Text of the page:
EDITOR’S NOTE: The following article, forwarded by J. Gerald Harris, editor of The Christian Index in Georgia, reports on budget shortfalls experienced by the Georgia Baptist Convention and its reaffirmation to remain current in forwarding Cooperative Program contributions for missions and ministry causes of the Southern Baptist Convention in accordance with the SBC Business and Financial Plan.
DULUTH, Ga. (BP) — Even while Georgia’s unemployment rate remains one of the highest in the nation, the Georgia Baptist Convention remains committed to forwarding its Cooperative Program gifts to the SBC Executive Committee in Nashville as quickly as it has traditionally done.
A steady decline in giving since the recession began in 2008 has required the state convention to trim staff and reduce budget to levels not seen since 1999. But the financial downturn, coupled with a report that 50 of the state’s leading churches decreased their CP giving in 2011, has hobbled the convention from forwarding the funds in a timely fashion.
The SBC Business and Financial Plan states that, “By agreement, all sums collected in the states for the causes fostered by this Convention will be forwarded at least monthly by each state office to the Executive Committee of this Convention, which shall act as the disbursing agent of this Convention.”
Georgia’s current unemployment rate of 9.9 percent is nearly 1.5 percentage points above the national average of 8.5. Atlanta’s unemployment rate of 10.5, as reported by the U.S. Bureau of Labor Statistics, further undermines the state convention’s cash flow since the metropolitan area is the financial engine where many churches are located.
Compared with other old-line conventions, the Peach State unemployment is much higher than states like Oklahoma’s 6.1 percent and Virginia’s 6.5 percent.
Michael Williams, assistant executive director/vice president for operations for the GBC, said the state convention “has been working to manage the most dramatic decline in Cooperative Program giving we have experienced within the last 20 years.”
Reflecting on the report that showed a decline in giving of 50 of the leading churches, Williams said that only a couple of the churches demonstrate the level of decline that would indicate a shift in loyalty to the CP. However, the total decrease by all 50 churches accounts for almost two-thirds of the state’s entire CP deficit.
During the period of financial free-fall — since the recession began in 2008 — the state missionary staff has been cut by 39 positions. To further reign in costs, remaining state missionaries have had only one cost-of-living increase of 2 percent in the last five years.
Georgia’s Cooperative Program performance for January through September 2011 was $1.5 million below the first nine months of 2010, representing a 4.87 percent decline. The deficit then grew by an additional $1,092,379 in the next three months, which increased the decline to 5.71 percent or $2,180,300.
Cooperative Program giving has declined 14 percent from $49,509,056 in 2007 before the recession began to $42,064,717 in 2011. Since 2008 the GBC budget has decreased by $10 million, pulling 2012 funding down to levels not seen since 1999.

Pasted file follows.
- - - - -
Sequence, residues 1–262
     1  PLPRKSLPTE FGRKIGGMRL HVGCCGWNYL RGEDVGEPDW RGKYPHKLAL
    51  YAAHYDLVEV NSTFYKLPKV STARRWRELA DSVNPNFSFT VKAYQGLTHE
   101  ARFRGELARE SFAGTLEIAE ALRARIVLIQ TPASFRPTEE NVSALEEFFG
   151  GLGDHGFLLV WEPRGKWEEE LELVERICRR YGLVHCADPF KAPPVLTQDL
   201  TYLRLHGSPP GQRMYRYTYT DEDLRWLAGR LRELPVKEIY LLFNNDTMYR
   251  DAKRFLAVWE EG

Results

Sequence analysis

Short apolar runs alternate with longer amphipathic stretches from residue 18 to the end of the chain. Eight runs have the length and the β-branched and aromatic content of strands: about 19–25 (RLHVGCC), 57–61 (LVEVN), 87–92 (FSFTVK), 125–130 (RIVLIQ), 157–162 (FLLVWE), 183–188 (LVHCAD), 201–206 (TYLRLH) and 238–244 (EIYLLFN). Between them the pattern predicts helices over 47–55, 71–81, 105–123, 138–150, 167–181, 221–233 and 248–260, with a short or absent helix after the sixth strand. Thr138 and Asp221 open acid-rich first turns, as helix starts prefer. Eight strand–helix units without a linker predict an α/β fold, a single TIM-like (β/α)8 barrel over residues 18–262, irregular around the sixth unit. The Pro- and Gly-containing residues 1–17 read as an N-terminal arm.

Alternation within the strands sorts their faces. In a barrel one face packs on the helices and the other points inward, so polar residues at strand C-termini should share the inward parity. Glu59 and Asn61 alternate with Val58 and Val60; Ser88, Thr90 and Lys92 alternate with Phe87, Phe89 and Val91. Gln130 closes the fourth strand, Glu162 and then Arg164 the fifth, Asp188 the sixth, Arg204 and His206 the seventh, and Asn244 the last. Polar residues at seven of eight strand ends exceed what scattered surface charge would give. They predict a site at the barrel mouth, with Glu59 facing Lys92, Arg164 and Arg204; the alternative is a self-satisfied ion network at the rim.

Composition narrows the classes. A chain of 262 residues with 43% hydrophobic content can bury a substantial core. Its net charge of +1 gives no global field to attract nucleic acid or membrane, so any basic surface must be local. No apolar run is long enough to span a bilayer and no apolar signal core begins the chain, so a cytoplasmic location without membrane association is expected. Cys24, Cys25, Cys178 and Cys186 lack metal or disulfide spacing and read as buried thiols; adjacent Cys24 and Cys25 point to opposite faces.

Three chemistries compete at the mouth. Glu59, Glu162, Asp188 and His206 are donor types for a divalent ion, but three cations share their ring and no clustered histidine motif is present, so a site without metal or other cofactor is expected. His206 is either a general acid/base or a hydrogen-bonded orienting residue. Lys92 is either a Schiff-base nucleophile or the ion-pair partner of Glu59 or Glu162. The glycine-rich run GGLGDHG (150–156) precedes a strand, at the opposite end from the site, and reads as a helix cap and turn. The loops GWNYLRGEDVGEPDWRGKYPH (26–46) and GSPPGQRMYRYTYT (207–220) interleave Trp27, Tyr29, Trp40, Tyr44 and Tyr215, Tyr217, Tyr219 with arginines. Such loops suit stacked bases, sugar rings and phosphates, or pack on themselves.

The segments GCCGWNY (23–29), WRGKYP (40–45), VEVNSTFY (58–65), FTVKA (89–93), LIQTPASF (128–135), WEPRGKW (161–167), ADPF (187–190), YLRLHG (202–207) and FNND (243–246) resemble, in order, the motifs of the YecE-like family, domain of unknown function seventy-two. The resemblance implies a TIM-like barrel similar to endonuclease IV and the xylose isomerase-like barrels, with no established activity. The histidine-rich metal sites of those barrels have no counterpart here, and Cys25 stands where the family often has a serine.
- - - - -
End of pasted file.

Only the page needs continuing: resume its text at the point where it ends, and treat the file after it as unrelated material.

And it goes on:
By the end of 2011 the GBC Cooperative Program receipts had declined by $2,618,604, or 5.86 percent less than 2010.
In anticipation of declining income during September and October, the GBC staff was asked to cut $500,000 from expenses in the last quarter of the year. In September the GBC Executive Committee approved a 2012 budget that was $1 million smaller than the previous year. But in a rare move only days before the annual convention meeting, the budget was trimmed by an additional $1.7 million.
That $42.3 million budget, approved by messengers in November, reflected a 6 percent decrease or $2.7 million less than 2011.
The current budget is down sharply – more than 19 percent since the convention began cutting costs at the outset of the recession in 2008. That year’s budget, the last one before the slump, came in at $52.3 million.
Due to the budget shortfall and the additional expense of temporary employees for summer missions ventures, the forwarding of gifts to the Southern Baptist Convention was delayed. To make up the shortfall, in October $4,263,182 – with $1.7 million taken from reserve funds – was wired to Nashville to fulfill Georgia Baptists’ obligations through July.
By December 15 the GBC had fulfilled its obligations through September and as of January 10, 2012, all 2011 obligations — which is 40.32 percent of what had been received — were forwarded to SBC offices in Nashville.
“It has been a difficult year,” Williams observed, but added, “The state convention will end its fiscal year totally caught up with its obligations. It is our prayer that our 2012 budget reductions, coupled with the most recent spending cuts, will provide the necessary margins to allow us to set aside sufficient CP funds to cover our obligations before they are due.
“This is our goal, which we are striving to accomplish.”
J. Robert White, Georgia Baptist executive director, refers to the downturn as “deeply troubling.”
White reported to The Christian Index that December Cooperative Program receipts were the lowest since 1996. He further stated, “While this serious decline concerns me, I am praying for a better economic year in 2012. I believe in the faithfulness of God’s people and of our churches.
“We will get through these challenging days by the grace of God.”
J. Gerald Harris is editor of The Christian Index, newsjournal of the Georgia Baptist Convention.